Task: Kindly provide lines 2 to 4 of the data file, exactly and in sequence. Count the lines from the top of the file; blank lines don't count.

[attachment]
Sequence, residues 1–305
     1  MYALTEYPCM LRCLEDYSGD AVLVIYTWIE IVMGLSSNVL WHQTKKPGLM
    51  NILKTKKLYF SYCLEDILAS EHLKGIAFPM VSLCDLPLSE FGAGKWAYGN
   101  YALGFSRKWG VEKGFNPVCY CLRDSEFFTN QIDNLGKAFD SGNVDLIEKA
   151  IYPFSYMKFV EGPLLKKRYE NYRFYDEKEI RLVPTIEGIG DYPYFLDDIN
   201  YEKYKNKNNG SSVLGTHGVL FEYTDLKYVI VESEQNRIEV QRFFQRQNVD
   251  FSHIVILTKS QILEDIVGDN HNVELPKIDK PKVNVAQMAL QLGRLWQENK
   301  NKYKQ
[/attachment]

     1  MYALTEYPCM LRCLEDYSGD AVLVIYTWIE IVMGLSSNVL WHQTKKPGLM
    51  NILKTKKLYF SYCLEDILAS EHLKGIAFPM VSLCDLPLSE FGAGKWAYGN
   101  YALGFSRKWG VEKGFNPVCY CLRDSEFFTN QIDNLGKAFD SGNVDLIEKA